Ahmet Kusoglu
Chemist Staff Scientist/Engineer
Lawrence Berkeley National Laboratory, U.S.

Date: March 23, 2022
Time: 1300h ET
Sponsors:
Hiden Analytical, Element Six, TA Instruments – Waters

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Bryan Pivovar
Senior Research Fellow and Electrochemical Engineering and Materials Chemistry Group Manager
Chemistry and Nanosciences Center
National Renewable Energy Laboratory, U.S.

Date: February 23, 2022
Time: 1000h ET
Sponsors:
Hiden Analytical, Scribner Associates, Gamry Instruments

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Drs. Atanassov, Di Noto, and McPhail review the main trends in European hydrogen technology

Image courtesy of the European Council

Image courtesy of the European Council

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The ECS Interface winter 2021 issue is now available to read online. The issue on clean hydrogen is guest edited by Nemanja Danilovic, formerly of Lawrence Berkeley National Laboratory and now at Electric Hydrogen, and Iryna Zenyuk of the National Fuel Cell Research Center, University of California, Irvine. As always, Interface Editor Rob Kelly invites you to enjoy the issue’s special features and news.

Special Features

Hydrogen’s Big Shot
by Nemanja Danilovic, Iryna Zenyuk

Ten Questions for Kelly J. Speakes-Backman, Acting Assistant Secretary for Energy Efficiency and Renewable Energy, US Department of Energy
by Julie C. Fornaciari (more…)

ECS webinar seriesECS is hosting a series of webinars presented by distinguished speakers this June. Join us! Speakers include Harry Atwater from the California Institute of Technology, Arumugam Manthiram from the University of Texas at Austin, and Paul Kenis from the University of Illinois at Urbana-Champaign. Topics include batteries, energy, carbon, and more. Considering attending? Learn more about what you can expect to hear about from our presenters! (more…)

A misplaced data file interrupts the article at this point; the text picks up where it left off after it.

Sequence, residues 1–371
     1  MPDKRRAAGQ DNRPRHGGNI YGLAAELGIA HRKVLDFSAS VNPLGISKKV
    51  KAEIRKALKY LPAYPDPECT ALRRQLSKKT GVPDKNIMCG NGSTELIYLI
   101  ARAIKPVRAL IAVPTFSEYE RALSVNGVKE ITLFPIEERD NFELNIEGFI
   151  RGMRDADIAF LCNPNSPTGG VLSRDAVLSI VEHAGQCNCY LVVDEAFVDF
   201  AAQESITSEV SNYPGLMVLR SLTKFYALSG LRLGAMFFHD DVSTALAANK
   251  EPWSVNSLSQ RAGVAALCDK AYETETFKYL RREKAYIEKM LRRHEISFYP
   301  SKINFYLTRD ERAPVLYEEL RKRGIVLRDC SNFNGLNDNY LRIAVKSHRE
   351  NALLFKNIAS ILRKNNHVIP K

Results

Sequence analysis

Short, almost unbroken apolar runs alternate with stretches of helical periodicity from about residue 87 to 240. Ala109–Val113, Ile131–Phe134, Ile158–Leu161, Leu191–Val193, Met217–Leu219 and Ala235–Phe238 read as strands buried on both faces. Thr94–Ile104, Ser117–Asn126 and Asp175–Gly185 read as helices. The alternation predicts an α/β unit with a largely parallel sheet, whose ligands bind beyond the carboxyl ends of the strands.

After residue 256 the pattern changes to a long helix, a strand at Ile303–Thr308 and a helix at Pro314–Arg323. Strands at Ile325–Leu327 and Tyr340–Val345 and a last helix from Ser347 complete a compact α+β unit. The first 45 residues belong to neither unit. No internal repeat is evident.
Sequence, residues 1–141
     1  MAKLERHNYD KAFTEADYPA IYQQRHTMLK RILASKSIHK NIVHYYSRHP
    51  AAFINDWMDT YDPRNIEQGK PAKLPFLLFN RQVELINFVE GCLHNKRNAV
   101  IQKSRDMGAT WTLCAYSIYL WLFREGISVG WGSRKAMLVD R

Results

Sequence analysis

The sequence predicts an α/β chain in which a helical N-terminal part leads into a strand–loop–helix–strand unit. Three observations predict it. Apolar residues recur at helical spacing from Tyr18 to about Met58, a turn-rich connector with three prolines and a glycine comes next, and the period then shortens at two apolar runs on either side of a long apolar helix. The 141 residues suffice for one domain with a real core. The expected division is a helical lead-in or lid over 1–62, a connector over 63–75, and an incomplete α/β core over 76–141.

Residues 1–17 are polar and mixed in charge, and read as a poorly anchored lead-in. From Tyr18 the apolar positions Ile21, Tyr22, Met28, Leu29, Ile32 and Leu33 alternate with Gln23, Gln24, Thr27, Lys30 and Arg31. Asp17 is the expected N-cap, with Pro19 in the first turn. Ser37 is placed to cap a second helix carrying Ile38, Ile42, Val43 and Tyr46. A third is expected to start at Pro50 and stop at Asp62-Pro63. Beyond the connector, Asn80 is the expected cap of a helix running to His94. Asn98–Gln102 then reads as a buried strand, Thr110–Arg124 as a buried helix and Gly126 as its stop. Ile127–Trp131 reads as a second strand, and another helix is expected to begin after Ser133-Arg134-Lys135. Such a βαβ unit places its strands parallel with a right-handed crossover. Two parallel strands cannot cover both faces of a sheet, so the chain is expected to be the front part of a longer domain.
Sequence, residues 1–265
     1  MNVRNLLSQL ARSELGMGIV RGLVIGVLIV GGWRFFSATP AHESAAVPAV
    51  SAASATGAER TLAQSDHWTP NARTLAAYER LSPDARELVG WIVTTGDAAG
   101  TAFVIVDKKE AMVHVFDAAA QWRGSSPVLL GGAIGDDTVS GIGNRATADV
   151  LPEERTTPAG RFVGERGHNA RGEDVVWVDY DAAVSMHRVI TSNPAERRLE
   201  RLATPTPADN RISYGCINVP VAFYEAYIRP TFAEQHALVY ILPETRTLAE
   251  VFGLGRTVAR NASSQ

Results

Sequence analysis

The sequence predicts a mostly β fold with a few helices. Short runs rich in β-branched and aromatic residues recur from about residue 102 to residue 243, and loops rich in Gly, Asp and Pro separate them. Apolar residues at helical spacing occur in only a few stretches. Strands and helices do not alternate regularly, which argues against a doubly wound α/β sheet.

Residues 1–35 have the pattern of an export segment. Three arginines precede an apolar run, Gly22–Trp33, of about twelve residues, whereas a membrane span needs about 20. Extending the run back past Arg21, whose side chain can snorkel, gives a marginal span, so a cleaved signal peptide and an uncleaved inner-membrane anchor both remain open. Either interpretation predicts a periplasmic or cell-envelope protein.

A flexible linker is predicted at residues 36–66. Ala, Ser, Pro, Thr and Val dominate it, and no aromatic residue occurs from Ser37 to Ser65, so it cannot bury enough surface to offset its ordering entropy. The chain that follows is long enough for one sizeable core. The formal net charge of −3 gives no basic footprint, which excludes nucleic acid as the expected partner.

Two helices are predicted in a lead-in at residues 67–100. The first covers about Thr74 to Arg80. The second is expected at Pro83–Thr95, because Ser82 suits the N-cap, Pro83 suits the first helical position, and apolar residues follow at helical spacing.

Cheap, Renewable Hydrogen is Coming

Hydrogen gas: it’s storable, can refuel a car in minutes (versus batteries which can take hours to recharge), and its waste product is water. It is the holy grail of clean-energy advocates.

The only problem is that the electrolyzers that make hydrogen from renewable energy are quite expensive. But, that soon may change, according to Ars Technica.

According to a new paper in Nature Energy, researchers from universities in Germany and at Stanford University have created a financial model for a wind farm connected to a hydrogen electrolyzer. (more…)

Hydrogen-Powered Trains Hit Tracks

 

Photo Credit: René Frampe, Alstrom

Last week, we told you about California’s commitment to go 100 percent carbon-free by 2045. Well, it turns out the Golden State is in good company. Germany has welcomed two of their first, state-of-the-art hydrogen-powered trains, according to Ars Technica.

The trains are built to run a total of 62-miles throughout the windswept hills of Northern Germany before refueling. These cutting-edge trains, known as  Coradia iLint trains, are the first of its kind — with 14 more hydrogen-powered trains expected to be delivered before 2021 by the French train-building company Alstom. A big step towards Germany’s goal to lower transportation-related emission. (more…)